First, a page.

A co-operative model could work well for rural and remote aged care providers, a former aged care CEO tells Australian Ageing Agenda.
Phil Schmaal spent 10 years as CEO of South Australian aged care provider Barossa Village from 2007, during which time it expanded its residential aged care and built a home care program and retirement village in Nuriootpa and surrounding towns to service the wider Barossa Valley.
In 2014, Mr Schmaal oversaw Barossa Village becoming a member of South Australia’s Innovation Hub Trial, which along with Mt Gambier provider Boandik Lodge, served as models for rural and remote innovation.
He is now chairman of the Barossa Community Co-operative Store, a retail co-operative formed in 1944 that has over 18,000 members, and also a member of the chairs’ forum of the national peak Business Council of Co-operatives and Mutuals.
Mr Schmaal will bring knowledge of both the aged care sector and the co-operative business model to advise on the sustainability and survival of small – mainly rural and remote – aged care providers at the upcoming Aged & Community Services Australia National Summit.
“The co-operative model is somewhere between a not-for-profit and a commercial for-profit, where organisations remain independent yet come together to make something bigger and provide support and services back to the members,” Mr Schmaal told AAA.
A co-operative is a membership-based model and the services provided back to members attract tax advantages similar to those applicable to charitable organisations.
“In the aged care context member organisations would retain the advantages of being autonomous and would remain independently owned by their local communities but would also further benefit from being part of a larger co-operative structure whereby the costs of services could be shared and absorbed across a larger base,” Mr Schmaal said.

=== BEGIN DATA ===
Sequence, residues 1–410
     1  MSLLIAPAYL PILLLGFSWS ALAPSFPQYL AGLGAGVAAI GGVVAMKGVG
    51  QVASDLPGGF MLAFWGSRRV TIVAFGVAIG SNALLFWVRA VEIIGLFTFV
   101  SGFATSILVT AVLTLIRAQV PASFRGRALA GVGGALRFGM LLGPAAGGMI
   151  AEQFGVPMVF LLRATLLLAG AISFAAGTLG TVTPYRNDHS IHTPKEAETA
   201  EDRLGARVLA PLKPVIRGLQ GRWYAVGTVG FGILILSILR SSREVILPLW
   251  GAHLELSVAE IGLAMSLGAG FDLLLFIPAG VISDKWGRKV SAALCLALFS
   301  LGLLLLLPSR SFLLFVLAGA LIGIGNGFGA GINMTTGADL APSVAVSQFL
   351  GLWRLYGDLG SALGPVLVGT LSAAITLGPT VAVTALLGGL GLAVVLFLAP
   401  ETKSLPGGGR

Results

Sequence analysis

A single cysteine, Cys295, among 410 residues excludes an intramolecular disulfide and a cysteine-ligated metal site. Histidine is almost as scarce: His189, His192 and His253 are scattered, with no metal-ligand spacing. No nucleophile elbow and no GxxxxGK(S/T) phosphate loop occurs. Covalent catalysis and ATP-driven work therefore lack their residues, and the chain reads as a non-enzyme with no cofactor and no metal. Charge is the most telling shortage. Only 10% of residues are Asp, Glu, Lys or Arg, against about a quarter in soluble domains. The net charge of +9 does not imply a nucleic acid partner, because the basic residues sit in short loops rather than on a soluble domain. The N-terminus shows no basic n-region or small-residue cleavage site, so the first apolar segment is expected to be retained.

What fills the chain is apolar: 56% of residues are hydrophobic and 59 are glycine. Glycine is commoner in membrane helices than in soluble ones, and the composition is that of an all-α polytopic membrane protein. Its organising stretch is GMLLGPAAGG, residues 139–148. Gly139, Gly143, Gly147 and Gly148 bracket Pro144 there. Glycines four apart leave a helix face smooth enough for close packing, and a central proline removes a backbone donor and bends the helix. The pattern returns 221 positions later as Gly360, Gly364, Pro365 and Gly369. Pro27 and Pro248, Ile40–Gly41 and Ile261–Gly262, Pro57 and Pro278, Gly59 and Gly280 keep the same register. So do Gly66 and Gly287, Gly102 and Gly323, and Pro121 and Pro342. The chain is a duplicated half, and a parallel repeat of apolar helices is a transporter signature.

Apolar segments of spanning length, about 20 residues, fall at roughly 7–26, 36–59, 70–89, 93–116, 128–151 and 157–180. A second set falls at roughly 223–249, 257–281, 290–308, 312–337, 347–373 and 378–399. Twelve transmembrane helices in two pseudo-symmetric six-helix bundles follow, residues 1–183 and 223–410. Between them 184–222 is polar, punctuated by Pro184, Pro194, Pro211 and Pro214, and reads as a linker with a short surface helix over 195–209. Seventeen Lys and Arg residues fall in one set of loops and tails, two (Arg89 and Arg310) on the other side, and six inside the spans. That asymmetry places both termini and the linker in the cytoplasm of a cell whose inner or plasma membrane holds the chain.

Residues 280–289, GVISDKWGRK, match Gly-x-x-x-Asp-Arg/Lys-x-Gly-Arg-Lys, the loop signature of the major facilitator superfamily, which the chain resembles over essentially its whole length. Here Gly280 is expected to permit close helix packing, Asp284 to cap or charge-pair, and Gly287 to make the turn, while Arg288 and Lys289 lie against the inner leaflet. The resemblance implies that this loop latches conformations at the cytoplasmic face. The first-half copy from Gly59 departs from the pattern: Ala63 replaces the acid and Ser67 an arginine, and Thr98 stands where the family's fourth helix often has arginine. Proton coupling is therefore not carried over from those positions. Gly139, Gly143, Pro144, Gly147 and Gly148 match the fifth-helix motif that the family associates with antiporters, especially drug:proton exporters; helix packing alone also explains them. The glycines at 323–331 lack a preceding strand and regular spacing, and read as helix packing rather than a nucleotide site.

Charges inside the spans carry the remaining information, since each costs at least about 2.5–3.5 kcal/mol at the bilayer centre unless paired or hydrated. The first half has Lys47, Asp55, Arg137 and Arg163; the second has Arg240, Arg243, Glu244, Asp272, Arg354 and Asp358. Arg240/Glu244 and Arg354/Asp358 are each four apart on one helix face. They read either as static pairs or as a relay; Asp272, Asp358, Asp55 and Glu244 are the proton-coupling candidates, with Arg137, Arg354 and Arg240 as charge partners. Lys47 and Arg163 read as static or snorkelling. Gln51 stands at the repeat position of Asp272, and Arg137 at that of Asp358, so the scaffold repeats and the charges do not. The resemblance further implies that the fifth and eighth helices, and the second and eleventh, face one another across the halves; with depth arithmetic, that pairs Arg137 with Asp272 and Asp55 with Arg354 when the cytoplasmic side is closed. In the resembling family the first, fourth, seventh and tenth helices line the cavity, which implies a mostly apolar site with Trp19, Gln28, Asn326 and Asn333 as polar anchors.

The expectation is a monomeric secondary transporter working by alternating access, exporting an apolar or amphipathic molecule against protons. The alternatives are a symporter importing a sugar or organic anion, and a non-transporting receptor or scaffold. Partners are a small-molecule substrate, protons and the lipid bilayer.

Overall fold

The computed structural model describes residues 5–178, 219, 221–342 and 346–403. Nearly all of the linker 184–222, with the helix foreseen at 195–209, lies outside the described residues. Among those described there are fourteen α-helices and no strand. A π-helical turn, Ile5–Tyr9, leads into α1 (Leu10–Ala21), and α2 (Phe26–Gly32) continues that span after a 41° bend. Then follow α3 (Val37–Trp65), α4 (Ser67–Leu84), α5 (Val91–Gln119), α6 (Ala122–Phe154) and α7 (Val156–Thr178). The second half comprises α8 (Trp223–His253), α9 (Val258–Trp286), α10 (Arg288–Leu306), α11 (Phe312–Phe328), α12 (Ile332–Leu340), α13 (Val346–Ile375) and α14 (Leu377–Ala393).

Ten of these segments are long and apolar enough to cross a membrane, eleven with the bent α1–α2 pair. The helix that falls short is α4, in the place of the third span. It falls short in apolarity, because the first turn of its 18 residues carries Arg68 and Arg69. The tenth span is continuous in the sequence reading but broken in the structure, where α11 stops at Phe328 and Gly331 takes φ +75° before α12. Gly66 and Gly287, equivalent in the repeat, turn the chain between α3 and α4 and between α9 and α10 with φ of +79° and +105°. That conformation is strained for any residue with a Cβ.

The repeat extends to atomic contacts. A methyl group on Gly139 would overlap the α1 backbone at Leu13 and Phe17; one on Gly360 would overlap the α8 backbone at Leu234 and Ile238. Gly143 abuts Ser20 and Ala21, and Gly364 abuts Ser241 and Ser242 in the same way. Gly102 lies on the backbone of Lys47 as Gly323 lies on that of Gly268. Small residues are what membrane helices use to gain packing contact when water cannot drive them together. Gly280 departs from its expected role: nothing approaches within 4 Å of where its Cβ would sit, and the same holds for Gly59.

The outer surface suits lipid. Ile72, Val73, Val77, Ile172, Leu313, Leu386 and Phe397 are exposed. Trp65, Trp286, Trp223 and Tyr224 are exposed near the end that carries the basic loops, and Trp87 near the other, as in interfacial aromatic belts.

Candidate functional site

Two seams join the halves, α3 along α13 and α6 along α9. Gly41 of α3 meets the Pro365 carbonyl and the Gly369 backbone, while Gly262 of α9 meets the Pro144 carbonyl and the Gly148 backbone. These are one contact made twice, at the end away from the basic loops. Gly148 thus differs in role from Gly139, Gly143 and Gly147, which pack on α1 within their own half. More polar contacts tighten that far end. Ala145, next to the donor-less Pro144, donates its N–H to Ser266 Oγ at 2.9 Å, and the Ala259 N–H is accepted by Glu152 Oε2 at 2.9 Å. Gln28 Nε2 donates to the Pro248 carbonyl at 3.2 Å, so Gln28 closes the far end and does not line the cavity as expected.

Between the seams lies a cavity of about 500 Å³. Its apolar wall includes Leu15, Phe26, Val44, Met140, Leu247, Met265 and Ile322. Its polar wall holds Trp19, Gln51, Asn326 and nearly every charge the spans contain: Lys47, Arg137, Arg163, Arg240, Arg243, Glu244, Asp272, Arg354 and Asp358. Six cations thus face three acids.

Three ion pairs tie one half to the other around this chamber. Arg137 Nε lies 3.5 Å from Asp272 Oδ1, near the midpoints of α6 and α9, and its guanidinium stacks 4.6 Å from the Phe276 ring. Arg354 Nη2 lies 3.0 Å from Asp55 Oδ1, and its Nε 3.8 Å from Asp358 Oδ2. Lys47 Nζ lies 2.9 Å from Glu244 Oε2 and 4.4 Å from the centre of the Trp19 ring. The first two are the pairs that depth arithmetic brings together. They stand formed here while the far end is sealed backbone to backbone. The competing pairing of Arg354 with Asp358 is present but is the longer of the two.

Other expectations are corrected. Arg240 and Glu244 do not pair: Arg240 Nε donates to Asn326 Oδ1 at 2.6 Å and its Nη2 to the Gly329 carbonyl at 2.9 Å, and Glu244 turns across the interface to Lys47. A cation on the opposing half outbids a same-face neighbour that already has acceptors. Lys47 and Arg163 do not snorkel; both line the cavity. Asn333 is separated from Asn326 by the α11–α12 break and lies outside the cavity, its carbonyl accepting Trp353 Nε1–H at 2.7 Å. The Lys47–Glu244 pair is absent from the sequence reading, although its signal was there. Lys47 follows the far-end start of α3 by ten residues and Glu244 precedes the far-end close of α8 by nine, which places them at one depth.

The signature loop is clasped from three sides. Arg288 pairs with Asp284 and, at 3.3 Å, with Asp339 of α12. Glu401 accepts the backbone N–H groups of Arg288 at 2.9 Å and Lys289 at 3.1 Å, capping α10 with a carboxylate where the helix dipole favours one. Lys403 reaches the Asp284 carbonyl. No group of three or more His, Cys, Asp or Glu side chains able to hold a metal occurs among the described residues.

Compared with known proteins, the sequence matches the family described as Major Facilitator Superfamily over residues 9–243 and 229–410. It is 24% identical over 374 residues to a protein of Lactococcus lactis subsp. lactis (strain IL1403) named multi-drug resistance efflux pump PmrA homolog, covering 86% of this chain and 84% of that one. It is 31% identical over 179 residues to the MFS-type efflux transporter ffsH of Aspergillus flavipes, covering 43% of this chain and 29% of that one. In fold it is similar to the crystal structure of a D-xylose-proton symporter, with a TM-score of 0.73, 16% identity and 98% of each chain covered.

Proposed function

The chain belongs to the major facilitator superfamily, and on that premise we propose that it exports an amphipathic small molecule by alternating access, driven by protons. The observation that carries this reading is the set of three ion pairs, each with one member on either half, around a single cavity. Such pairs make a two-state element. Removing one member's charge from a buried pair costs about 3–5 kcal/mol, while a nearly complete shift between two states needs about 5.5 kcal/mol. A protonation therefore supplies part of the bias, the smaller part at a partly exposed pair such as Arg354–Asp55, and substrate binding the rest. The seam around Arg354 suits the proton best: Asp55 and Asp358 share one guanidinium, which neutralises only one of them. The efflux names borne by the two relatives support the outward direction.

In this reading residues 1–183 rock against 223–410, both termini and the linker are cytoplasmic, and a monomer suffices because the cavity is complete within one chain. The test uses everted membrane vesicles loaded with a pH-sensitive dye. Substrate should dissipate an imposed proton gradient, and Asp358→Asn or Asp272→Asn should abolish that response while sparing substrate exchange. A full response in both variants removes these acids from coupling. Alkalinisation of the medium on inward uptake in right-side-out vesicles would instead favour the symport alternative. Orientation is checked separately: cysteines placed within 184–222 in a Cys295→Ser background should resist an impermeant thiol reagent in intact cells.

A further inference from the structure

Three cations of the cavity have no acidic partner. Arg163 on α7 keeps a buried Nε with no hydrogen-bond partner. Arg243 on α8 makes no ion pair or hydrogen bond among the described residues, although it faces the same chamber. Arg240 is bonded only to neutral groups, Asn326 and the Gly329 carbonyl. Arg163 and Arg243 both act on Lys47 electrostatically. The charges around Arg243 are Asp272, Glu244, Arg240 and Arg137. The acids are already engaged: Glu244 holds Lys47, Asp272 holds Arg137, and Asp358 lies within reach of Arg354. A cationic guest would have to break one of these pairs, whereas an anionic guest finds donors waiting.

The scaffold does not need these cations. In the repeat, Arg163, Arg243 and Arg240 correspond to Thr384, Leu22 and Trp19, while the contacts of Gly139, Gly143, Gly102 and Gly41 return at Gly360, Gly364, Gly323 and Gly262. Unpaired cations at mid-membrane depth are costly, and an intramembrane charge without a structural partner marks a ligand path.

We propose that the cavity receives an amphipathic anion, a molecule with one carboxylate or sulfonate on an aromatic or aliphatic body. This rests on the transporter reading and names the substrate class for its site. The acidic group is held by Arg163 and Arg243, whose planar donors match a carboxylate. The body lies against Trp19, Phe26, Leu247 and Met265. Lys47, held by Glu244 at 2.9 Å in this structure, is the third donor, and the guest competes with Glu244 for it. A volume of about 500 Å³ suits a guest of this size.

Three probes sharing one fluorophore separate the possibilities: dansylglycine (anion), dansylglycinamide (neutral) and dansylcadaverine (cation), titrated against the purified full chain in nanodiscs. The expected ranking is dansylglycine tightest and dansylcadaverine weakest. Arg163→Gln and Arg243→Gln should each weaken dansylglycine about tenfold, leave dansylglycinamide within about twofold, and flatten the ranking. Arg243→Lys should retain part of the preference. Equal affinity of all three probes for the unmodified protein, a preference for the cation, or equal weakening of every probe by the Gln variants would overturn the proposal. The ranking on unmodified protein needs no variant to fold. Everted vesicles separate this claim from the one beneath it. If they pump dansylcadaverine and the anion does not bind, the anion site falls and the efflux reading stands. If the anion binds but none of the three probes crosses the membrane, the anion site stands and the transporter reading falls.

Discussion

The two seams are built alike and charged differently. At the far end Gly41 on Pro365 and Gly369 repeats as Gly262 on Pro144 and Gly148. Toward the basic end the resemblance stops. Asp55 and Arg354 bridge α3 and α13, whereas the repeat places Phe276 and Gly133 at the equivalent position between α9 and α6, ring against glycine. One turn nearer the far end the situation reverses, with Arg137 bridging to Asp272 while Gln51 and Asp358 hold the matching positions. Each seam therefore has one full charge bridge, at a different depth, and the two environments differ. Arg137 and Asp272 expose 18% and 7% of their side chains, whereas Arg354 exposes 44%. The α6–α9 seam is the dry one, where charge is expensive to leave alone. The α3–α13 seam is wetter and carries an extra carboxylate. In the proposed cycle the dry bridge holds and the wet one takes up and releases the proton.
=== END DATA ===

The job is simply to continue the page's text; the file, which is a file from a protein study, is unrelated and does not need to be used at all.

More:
His said his workshop at the summit aimed to provide delegates with an understanding of how a national aged care co-operative could be structured to ensure smaller communities continued to benefit from locally-owned providers.
ACSA CEO Pat Sparrow said many small aged care providers in regional and remote areas were facing significant challenges.
“They are the lifeblood of rural and regional communities but the reality is that many face an uncertain future as they deal with rapid change in the sector,” Ms Sparrow told AAA.
As the pace of change picks up many small providers were looking for new strategies to survive and thrive, she said.
Elsewhere at the summit, presentations and discussions on strategies for small or rural providers will include a special session on indigenous dementia support in remote settings and another on how rural and regional providers can harness technologies available in the growing virtual care market.
Mr Schmaal will deliver the workshop at the ACSA National Summit in Cairns on Tuesday 12 September.
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